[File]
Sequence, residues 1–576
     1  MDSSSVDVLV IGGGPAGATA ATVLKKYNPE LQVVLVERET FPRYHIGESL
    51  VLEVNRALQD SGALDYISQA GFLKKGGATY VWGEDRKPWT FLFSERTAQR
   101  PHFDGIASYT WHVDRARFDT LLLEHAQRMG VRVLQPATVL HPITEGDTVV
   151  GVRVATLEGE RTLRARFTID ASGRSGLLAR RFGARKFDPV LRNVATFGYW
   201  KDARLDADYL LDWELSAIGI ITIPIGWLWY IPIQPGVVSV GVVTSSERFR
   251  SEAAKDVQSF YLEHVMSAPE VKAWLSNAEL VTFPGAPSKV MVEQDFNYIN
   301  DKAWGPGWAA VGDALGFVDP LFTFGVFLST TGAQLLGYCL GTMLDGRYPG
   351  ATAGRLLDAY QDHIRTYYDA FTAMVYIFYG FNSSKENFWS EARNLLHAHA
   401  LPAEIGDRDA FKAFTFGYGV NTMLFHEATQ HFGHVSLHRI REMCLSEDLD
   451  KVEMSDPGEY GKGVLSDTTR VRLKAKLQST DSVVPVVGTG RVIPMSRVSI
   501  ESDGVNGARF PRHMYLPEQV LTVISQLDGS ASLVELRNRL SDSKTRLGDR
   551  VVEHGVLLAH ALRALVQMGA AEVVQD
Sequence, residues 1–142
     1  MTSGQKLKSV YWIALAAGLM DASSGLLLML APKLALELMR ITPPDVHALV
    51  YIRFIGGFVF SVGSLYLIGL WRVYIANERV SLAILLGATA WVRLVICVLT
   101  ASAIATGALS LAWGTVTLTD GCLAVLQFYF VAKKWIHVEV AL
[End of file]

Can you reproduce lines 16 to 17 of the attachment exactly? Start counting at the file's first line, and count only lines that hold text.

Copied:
    51  YIRFIGGFVF SVGSLYLIGL WRVYIANERV SLAILLGATA WVRLVICVLT
   101  ASAIATGALS LAWGTVTLTD GCLAVLQFYF VAKKWIHVEV AL